Still Living With Reagan’s Legacy

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Editor,

As president and governor of California, Reagan led the worst policies on mental illness in generations.

When Reagan defeated Jimmy Carter in November 1980, Republicans also took control of the Senate (53 to 46). Prior to the election, President Carter signed the Mental Health Systems Act, which had proposed to continue the federal community mental health centers program, although with some additional state involvement. The act included a provision for federal grants “for projects for the prevention of mental illness and the promotion of positive mental health,” an indication of how little learning had taken place among the Carter Commission members and professionals at NIMH.

Under Reagan and the Republican-led Senate, the Mental Health Systems Act was discarded. An autopsy could have listed the cause of death as naiveté complicated by grandiosity.

Reagan never understood mental illness. Like Richard Nixon, he was a product of the Southern California culture that associated psychiatry with communism. Two months after taking office, Reagan was shot by John Hinckley, a young man with untreated schizophrenia.

Reagan was also exposed to the consequences of untreated mental illness through Roy Miller, his personal tax advisor. His sons developed schizophrenia; one took his own life and the other killed their mother. Even so, Reagan never exhibited any interest in the need for research or better treatment for serious mental illness.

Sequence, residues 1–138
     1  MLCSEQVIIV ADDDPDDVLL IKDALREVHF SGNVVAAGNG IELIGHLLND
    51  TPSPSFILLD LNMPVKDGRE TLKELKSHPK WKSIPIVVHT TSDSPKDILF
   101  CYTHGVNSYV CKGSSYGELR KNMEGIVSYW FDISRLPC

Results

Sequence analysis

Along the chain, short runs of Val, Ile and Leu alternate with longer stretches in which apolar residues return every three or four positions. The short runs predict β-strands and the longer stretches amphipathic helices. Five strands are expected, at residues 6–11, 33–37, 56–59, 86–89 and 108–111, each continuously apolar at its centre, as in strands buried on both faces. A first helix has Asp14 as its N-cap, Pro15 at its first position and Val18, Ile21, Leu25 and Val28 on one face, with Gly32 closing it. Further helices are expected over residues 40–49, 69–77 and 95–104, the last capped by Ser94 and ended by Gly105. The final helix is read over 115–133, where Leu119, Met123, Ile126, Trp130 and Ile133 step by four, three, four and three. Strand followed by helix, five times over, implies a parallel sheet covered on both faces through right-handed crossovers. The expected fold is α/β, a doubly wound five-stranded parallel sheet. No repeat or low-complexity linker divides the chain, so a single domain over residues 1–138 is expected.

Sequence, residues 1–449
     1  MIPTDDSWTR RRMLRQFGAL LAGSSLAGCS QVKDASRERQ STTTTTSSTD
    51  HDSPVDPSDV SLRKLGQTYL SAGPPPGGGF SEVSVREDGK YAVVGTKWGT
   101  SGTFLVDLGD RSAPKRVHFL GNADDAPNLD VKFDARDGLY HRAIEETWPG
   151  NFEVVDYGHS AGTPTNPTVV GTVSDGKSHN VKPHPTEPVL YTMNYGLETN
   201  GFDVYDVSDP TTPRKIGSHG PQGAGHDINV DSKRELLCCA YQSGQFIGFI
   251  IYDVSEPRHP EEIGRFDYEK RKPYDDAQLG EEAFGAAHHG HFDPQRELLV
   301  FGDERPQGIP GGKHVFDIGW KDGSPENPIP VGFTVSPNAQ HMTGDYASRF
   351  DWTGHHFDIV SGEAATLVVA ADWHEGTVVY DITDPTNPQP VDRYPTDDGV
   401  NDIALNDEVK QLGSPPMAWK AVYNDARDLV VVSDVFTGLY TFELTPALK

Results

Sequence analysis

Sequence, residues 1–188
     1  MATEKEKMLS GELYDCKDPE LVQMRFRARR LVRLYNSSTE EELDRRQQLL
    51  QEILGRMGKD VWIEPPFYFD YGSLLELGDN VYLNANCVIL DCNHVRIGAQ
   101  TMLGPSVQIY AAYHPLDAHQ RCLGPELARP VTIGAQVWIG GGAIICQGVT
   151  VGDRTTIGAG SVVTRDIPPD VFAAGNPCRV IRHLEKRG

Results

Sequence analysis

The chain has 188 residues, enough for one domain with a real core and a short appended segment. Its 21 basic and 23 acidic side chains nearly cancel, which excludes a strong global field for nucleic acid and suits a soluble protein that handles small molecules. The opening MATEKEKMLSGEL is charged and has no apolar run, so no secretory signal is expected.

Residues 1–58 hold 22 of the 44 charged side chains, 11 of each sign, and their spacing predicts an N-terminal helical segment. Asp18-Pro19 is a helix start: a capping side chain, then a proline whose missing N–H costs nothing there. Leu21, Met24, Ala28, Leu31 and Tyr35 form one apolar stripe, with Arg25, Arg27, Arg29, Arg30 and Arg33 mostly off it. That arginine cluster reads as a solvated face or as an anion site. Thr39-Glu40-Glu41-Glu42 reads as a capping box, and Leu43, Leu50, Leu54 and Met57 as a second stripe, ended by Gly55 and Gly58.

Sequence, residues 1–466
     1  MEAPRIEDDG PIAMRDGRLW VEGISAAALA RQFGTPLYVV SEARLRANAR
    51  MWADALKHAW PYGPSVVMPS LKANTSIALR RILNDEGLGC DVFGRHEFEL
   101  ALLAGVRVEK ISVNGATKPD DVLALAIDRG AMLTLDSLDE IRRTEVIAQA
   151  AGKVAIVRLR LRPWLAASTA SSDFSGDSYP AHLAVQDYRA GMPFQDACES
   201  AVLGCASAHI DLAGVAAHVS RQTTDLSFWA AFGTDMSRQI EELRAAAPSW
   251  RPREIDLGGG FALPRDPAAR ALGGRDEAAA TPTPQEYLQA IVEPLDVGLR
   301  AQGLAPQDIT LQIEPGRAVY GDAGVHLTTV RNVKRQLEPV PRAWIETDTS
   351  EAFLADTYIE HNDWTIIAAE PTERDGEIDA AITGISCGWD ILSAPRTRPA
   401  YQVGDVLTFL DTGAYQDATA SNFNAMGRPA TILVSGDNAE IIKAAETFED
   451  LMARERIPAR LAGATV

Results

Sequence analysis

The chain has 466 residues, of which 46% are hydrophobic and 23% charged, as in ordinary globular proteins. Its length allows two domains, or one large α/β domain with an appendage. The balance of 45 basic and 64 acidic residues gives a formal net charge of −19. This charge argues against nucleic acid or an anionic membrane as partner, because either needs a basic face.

While some see a building in Laguna Canyon as “the only” solution, it is everyone’s concern and should be an effort by our city to come together with other cities to address the issue not just for housing, but real care, treatment and a much needed live-to-work programs. From its beginnings, the Great Park offered possibilities as a central location for modest and low income housing, including rehab of military dorms for the homeless, biomedical research and a much needed county hospital. The Great Park opportunity disappeared while developers banked land until another bubble emerged. Now they are ready to develop 10,000 new living spaces and the calamities of the era — the homeless and jobless — go unresolved. And just as sure as global warming will again deluge the canyon, is there any will and courage to develop long-term solutions without sacrificing indigenous habitats and placing those most vulnerable in harm’s way?

Are we repeating that grandiosity of naiveté?

Leah Vasquez, Laguna Beach

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